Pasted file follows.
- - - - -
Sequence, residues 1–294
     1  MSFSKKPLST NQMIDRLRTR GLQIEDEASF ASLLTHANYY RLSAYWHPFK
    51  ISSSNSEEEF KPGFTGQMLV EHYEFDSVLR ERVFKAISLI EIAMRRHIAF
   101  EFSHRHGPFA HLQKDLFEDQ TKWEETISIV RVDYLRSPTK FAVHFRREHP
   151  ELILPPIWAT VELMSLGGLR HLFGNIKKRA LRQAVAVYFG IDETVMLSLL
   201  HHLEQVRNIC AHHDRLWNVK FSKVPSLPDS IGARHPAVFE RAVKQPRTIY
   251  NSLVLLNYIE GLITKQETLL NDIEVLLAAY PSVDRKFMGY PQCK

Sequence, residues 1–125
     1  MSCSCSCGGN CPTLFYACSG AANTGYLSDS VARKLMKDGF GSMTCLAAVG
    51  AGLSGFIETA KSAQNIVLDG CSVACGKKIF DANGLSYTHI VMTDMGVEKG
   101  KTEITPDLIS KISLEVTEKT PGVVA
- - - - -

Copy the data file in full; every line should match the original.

Sequence, residues 1–294
     1  MSFSKKPLST NQMIDRLRTR GLQIEDEASF ASLLTHANYY RLSAYWHPFK
    51  ISSSNSEEEF KPGFTGQMLV EHYEFDSVLR ERVFKAISLI EIAMRRHIAF
   101  EFSHRHGPFA HLQKDLFEDQ TKWEETISIV RVDYLRSPTK FAVHFRREHP
   151  ELILPPIWAT VELMSLGGLR HLFGNIKKRA LRQAVAVYFG IDETVMLSLL
   201  HHLEQVRNIC AHHDRLWNVK FSKVPSLPDS IGARHPAVFE RAVKQPRTIY
   251  NSLVLLNYIE GLITKQETLL NDIEVLLAAY PSVDRKFMGY PQCK

Sequence, residues 1–125
     1  MSCSCSCGGN CPTLFYACSG AANTGYLSDS VARKLMKDGF GSMTCLAAVG
    51  AGLSGFIETA KSAQNIVLDG CSVACGKKIF DANGLSYTHI VMTDMGVEKG
   101  KTEITPDLIS KISLEVTEKT PGVVA